yesterday I figured out that I can change me 401k from roth to
traditional, increase my contribution from 10% to 20% and only lose
about $9 from my 2006 take home (partly because of being able to take
the tax deduction and partly because of a pay increase). One side of me
says thats a no brainer and I should do it but at the same time that
still does not help me pay down my debt. So how does a person decide
whether to pay down debt or increase retirement investments? I would
really like to pay down some debt because I have a feeling that my
salary is going to take a pretty big cut one of these days and I may
not be able to handle my current payments.

Sorry for the long post...

Sam

 
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RML
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      01-14-2007, 11:57 AM
Is pension considered income, in determining if SS is taxed? What
about withdrawals from an IRA, are they "income"?

Thanks

On Sat, 13 Jan 2007 14:54:53 -0600, joetaxpayer
<(E-Mail Removed)> wrote:

At retirement,
social security can be taxed baed on other income, so phantom rates of
50% may appear.

 
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Dave Dodson
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      01-14-2007, 12:52 PM

RML wrote:
> Is pension considered income, in determining if SS is taxed? What
> about withdrawals from an IRA, are they "income"?


Yes and yes.

Dave

 
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Elle
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      01-14-2007, 02:33 PM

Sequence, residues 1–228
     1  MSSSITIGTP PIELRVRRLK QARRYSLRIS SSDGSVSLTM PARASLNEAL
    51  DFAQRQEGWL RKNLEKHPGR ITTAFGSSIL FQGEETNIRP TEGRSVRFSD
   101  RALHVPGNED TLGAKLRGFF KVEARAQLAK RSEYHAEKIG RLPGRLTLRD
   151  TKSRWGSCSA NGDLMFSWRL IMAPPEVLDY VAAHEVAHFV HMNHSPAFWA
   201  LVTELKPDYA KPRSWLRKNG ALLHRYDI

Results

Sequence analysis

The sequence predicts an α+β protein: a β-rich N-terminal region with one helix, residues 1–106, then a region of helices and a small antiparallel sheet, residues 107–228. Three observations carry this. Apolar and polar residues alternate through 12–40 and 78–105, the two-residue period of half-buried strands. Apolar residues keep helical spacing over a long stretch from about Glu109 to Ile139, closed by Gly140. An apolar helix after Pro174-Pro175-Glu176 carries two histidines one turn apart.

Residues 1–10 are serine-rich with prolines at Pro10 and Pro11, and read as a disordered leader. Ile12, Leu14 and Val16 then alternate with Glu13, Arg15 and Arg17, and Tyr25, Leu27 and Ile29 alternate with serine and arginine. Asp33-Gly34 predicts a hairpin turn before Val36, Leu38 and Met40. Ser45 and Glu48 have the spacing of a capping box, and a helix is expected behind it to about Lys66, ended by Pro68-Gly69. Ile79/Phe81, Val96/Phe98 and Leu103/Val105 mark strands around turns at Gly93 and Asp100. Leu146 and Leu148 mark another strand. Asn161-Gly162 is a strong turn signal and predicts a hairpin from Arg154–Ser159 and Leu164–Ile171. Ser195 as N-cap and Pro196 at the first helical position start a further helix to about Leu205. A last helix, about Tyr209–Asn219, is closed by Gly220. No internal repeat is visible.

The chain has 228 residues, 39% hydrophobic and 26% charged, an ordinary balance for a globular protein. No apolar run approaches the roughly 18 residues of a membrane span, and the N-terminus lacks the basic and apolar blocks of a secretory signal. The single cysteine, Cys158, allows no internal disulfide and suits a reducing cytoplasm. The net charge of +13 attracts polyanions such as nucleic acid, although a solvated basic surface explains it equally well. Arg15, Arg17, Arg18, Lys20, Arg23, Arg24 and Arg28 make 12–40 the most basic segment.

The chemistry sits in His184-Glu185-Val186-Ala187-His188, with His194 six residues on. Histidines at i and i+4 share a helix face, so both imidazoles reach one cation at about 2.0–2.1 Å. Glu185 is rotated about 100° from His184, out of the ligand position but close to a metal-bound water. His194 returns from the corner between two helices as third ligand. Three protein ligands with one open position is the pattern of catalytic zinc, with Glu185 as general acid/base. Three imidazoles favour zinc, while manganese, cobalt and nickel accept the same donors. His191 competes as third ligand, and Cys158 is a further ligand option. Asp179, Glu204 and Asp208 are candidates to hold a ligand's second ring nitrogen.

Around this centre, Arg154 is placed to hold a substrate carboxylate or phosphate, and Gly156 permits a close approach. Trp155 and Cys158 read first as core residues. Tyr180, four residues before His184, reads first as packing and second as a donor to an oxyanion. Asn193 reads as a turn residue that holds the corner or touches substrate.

"Sam" <(E-Mail Removed)> wrote
> I am currently struggling with a decision to
> change my 401k from roth to traditional so that I can take
> the tax
> deduction, bring more cash home and use that additional
> take home pay
> to pay down some debt. I should note that the debt is not
> credit card,
> two homes and a new (used) truck. I have also been fully
> funding my
> roth ira for about 5 or 6 years.

snip
> how does a person determine how much debt is acceptable
> for their given
> situation? I am sure that depends on the type of debt, for
> my personal
> situation it is all mortgage and a single auto that I just
> purchased
> last month. Oh and as of last week a student loan, again.


Sam, can you give the interest rates and lengths of all
loans? This will be key here. IMO, if the interest rate is
below about 5.5%, I would forget about paying them off,
unless you really like the psychological boost of being debt
free. A lot of people do prefer the latter.

Also, the general guideline for retirement vehicles is
1) Contribute to 401(k) up to the employer's matching
2) Max out, if possible, the Roth IRA
3) Review 401(k) expenses and investment options, and
consider continuing to contribute to it

About losing your job: Remember that the Roth IRA
contributions (but not earnings on same) may be withdrawn
without penalty at any time. Of course one wants to avoid
drawing on any retirement, tax advantaged account, but this
flexibility is there for folks who have emergencies.

 
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RML
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      01-14-2007, 03:39 PM

What I actually meant to ask was, "Is SS reduced based on pension
income and/or IRA withdrawals"?

Thanks

On Sun, 14 Jan 2007 06:52:22 -0600, "Dave Dodson"
<(E-Mail Removed)> wrote:

>
>RML wrote:
>> Is pension considered income, in determining if SS is taxed? What
>> about withdrawals from an IRA, are they "income"?

>
>Yes and yes.
>
>Dave